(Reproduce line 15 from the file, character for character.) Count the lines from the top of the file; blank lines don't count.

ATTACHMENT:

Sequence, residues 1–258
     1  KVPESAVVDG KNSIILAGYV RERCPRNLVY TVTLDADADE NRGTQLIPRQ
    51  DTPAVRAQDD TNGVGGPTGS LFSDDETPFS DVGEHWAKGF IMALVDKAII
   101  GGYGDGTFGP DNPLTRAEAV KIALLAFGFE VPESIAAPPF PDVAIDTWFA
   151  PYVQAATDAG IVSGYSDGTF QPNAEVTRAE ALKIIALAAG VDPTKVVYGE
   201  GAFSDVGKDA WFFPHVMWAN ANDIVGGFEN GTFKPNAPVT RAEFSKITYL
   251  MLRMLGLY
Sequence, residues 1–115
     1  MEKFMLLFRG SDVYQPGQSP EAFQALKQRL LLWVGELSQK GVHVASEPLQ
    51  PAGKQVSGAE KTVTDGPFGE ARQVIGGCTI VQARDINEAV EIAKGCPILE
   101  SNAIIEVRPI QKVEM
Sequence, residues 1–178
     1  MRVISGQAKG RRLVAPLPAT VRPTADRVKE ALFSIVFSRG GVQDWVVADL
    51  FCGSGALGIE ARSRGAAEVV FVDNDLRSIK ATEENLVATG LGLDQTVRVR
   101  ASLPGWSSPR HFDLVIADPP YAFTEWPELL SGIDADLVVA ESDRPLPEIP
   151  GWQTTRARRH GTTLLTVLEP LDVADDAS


   101  ASLPGWSSPR HFDLVIADPP YAFTEWPELL SGIDADLVVA ESDRPLPEIP